‘Juno’ at 15 – Review

June (2007)
Director: Jason Reitmann
Screenwriter: Diablo Cody
Cast: Elliot Page, Michael Cera, JK Simmons, Allison Janney, Jason Bateman, Jennifer Garner, Olivia Thirlby.

What June Reaching the ripe age of fifteen, it seems like an appropriate time to revisit the coming-of-age teen drama. With so many of the hackneyed tropes of the genre, this film is an indie film fan’s winning bingo card. From the animated title sequence to the gangly teenagers who are incredibly smart and more groomed than any of the adults they interact with, or the constant nods to painfully great bands, a year divided into seasons and dealing with serious topics using sarcasm and humor. It’s a full house!

The opener sees Juno (Elliot Page) swallowing a bottle of Sunny D so big it has its own gravitational pull. With the line ‘so what’s the prognosis, Fertile Myrtle? Less or more? the scene is set. Juno is pregnant, ‘forshizz up the spout’. And she makes it very clear that she’s going to face this alone…or so she thinks she is. Although her desperation is clearly shown when she makes a rope out of candy before entering her chaotic and loving home to tell her parents the big news about her.

From the synopsis and poster (and even the first paragraph of this review), you’ll be forgiven for being wrong about that. June it’s a movie about teen pregnancy, and while it’s a pretty hefty motif dressed in Bretton stripes, it’s not where the real story is.

Obviously, the people in Juno’s life are shocked, but there really isn’t much judgment on her, not from those who matter anyway. This is not a trouble movie. By removing any real external conflict surrounding the pregnancy, Cody’s script allows Juno’s internal conflict to drive the story forward. So yes, there is a pregnancy, but this movie is about growing up too fast, acceptance, and realizing that adults have no idea what they’re doing either. But at its core, Juno is a love story.

Crush is covered by Leah (Olivia Thirlby), the best friend everyone needs: a girl obsessed with her math teacher and cheerleader, but who holds Juno’s hand every step of the way. And romantic love? Paulie Bleeker (Michael Cera), who is a gem, serves it up in spades. When he sheepishly asks ‘what should we do?’ after receiving the news from Juno, it is clear that he cares for her and wants to share the responsibility for what happened. The two are perfect for each other. For some, no grand romantic gesture will top the stereo in the air, the car flying into the clouds, the library in the enchanted castle. But it’s hard to find a sweeter moment in any movie than Paulie hugging a hormonal and tearful Juno as she processes everything that’s happened, her sneakers muddy from rushing to the hospital. All the comfort, without expectations. Handsome.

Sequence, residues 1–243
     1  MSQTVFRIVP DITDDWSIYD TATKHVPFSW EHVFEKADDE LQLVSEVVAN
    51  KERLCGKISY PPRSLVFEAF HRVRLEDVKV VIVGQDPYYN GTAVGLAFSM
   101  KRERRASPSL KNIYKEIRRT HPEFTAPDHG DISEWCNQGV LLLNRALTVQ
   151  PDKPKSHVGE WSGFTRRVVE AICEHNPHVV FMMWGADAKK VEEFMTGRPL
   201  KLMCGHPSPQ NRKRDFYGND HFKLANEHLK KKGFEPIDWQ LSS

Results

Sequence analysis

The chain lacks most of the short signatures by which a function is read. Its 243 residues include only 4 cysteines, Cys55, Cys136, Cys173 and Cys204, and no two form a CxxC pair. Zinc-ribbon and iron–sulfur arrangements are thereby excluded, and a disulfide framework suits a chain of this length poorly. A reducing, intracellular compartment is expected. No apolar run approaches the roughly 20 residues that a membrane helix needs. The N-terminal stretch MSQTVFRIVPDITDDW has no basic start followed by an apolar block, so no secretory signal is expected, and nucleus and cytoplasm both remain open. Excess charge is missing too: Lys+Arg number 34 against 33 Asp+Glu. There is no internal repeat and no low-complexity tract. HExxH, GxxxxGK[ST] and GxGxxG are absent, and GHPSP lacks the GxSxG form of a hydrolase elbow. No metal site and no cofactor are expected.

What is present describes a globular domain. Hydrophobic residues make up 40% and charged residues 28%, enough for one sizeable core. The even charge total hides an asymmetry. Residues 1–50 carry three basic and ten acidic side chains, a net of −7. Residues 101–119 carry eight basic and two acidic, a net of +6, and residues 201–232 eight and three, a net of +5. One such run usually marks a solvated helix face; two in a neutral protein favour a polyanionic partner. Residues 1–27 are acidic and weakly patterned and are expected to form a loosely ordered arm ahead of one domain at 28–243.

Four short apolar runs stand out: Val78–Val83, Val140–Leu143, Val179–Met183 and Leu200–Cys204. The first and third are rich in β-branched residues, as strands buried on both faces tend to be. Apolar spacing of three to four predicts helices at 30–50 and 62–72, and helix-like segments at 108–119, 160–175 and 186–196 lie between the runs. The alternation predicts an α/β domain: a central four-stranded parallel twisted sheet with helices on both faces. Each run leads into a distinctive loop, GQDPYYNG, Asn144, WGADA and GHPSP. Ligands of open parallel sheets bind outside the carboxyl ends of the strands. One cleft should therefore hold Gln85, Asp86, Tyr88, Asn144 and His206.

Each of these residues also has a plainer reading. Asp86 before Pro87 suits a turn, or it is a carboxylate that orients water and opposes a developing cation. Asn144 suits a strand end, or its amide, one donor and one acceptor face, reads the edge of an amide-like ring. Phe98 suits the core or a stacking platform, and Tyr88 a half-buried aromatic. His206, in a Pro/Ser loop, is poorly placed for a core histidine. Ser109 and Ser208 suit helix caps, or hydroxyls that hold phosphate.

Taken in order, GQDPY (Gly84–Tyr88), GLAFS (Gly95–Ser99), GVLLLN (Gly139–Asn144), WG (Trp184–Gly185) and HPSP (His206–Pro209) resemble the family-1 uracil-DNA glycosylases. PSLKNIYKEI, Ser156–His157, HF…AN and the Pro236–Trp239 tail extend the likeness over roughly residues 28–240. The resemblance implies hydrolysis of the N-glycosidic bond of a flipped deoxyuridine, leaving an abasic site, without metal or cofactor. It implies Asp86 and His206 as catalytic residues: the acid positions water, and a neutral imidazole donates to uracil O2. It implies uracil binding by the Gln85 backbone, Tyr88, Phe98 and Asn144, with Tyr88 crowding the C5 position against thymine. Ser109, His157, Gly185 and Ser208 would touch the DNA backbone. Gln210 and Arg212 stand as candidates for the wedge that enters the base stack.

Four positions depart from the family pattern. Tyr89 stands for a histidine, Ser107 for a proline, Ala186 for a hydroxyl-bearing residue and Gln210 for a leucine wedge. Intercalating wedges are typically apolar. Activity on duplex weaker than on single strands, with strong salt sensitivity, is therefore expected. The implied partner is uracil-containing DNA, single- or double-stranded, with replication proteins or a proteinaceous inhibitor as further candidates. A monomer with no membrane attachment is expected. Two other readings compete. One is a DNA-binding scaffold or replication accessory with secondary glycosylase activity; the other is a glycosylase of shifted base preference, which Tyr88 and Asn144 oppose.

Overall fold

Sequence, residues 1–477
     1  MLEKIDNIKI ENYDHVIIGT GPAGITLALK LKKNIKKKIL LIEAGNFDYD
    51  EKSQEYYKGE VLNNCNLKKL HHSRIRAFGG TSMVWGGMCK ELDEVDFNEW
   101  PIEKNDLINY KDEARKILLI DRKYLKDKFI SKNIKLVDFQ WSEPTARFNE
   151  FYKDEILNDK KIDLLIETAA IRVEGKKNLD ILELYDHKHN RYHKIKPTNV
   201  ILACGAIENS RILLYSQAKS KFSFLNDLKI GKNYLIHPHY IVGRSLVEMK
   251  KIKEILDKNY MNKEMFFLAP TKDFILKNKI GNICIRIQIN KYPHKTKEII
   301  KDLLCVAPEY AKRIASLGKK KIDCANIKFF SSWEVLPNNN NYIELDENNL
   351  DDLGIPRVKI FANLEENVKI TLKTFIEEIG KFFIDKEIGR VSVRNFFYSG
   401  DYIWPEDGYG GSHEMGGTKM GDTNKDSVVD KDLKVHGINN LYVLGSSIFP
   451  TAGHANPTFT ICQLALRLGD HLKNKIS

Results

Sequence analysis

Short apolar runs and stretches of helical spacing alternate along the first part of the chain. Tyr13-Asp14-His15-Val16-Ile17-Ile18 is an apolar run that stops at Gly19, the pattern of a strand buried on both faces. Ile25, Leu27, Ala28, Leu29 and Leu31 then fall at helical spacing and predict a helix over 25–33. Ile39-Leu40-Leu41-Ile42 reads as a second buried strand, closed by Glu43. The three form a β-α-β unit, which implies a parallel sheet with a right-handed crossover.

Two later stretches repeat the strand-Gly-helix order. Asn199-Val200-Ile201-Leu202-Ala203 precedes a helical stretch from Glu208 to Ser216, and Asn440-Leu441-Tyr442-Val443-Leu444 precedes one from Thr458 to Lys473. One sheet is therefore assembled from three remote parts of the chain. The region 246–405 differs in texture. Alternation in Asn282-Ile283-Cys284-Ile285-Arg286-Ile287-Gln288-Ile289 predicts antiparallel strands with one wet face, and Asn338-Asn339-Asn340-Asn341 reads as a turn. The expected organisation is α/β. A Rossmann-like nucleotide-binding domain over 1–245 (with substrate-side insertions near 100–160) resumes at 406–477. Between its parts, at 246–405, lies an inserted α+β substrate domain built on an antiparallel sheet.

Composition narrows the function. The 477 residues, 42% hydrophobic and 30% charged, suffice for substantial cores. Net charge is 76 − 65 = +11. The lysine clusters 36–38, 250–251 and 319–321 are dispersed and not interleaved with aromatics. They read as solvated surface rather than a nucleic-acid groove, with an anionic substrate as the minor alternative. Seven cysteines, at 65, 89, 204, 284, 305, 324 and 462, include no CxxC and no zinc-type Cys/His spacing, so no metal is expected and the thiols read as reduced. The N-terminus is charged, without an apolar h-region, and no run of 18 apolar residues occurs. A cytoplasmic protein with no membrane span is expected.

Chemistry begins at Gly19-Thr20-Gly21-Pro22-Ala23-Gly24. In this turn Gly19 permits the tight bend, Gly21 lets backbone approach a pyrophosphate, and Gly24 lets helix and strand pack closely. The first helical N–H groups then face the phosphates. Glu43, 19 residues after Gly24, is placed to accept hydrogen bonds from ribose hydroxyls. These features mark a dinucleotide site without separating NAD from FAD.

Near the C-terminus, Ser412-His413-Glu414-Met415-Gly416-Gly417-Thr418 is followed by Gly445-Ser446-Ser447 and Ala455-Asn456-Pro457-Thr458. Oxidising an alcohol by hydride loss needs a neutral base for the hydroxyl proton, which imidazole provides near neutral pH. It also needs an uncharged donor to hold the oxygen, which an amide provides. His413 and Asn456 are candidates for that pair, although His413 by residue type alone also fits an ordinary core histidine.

While JK Simmons gives an excellent comedic performance as Juno’s father, it’s really all about the mothers. Juno herself, a mother only in biological terms, is the embodiment of the anger, worry, and self-doubt that comes with parenthood (and being a teenager). Ella’s stepmother Bren, played by the amazing Allison Janney, is funny and fierce and loves Juno for who she is – her takedown of the ultrasound technician is one of the highlights of the film. She is a breath of fresh air between the heartbreak and the hormones. Jennifer Garner’s Vanessa, ‘in desperate search of spawn’, is slightly one-dimensional in her obsessive pursuit of motherhood and perfection. She’s a stark contrast to Jason Bateman, who is undeniably the villain of the piece as Mark Loring, Vanessa’s reluctant husband. Ironically, he’s stuck in arrested development as he reminisces about his ’90s band and his life in Chicago. He doesn’t want a woman to push him around or expect anything from him. Juno idolizes him because she is so different from all the other adults in his life, and he is delighted by this adulation. Mark’s disregard for boundaries is a dangerous moment in an otherwise wholesome film.

June he’s funny, smart, and wholesome without being cloying. The larger than life characters aren’t like real people, not really, they’re amplified versions of real people. And that’s what makes the movie great, these borderline unbelievable characters tackling a difficult situation and everyone emerges triumphant at the end except Mark, but no one cares about him.

Well received by the public and critics, June went down in the record books. He has aged well and is still fun. The iconic hamburger phone, gold track shorts, and protruding striped nub are iconic and feel as fresh as they did when they came out kicking and screaming in 2007.

Score: 22/24

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Written by Martha Lane


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